How do teachers feel about their careers? What can public policy do to retain educators and improve their job satisfaction?
Launch Michigan, a diverse coalition of business, education, labor, parents, and philanthropic and civic leaders, asked EWR to measure attitudes among educators in Michigan to inform the development of a shared policy agenda.
The survey we conducted among nearly 17,000 educators statewide found that while generally satisfied with their own jobs, educators’ concerns about the state of the field are serious enough that only a quarter would recommend education as a career for young people they know. On every measure we compared, educators in Michigan are less content than their counterparts in Tennessee, a state which has served as a model for education reform efforts. In particular:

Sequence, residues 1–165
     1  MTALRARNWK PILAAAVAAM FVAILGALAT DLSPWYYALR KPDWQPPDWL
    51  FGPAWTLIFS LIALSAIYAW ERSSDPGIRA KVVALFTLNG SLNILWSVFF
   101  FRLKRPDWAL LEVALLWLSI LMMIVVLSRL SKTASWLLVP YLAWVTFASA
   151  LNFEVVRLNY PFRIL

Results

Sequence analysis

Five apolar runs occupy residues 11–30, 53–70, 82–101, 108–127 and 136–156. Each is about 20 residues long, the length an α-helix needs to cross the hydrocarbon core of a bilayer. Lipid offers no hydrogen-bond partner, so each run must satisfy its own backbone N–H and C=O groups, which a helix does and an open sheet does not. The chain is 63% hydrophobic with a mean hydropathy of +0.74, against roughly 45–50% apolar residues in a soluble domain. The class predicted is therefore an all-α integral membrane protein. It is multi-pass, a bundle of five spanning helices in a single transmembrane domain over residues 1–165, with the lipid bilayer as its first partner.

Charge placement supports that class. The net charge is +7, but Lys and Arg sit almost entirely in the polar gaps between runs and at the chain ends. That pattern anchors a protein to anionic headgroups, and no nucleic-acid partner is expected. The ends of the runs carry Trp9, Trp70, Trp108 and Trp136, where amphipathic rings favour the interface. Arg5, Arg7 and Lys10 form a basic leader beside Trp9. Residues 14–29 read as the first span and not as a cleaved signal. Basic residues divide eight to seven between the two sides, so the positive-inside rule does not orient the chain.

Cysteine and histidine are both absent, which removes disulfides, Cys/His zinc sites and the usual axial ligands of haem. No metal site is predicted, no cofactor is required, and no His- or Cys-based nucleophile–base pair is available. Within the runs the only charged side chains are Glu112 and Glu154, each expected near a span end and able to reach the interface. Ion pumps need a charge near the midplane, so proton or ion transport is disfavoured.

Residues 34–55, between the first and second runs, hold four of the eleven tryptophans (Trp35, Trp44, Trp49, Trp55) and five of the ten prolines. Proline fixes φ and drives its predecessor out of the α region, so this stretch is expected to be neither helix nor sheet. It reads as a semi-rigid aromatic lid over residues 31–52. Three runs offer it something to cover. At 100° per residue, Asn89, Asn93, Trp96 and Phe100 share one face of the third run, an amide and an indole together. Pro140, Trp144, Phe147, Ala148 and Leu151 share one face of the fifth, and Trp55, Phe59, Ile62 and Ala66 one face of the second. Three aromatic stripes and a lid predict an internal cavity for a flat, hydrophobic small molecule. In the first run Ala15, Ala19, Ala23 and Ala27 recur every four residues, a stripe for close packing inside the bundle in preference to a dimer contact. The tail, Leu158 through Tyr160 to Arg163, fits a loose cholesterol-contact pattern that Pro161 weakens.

- Educators say they are worn down by heavy workloads and what they see as lack of support or respect, and sometimes active hindrance, from political leaders.
- They are divided on whether the current teacher evaluation system is fair, but few see it leading to better student learning.
- Most say opportunities for professional learning are inadequate.
- Educators are open to a number of approaches to improve schools and educational outcomes. They prioritize smaller class sizes and expanding access to Pre-K and are generally supportive of ideas ranging from distributing funding based on need to adding literacy coaches.
Launch Michigan is using this data in its development of a policy agenda for improving public schools in Michigan.
See the survey report here.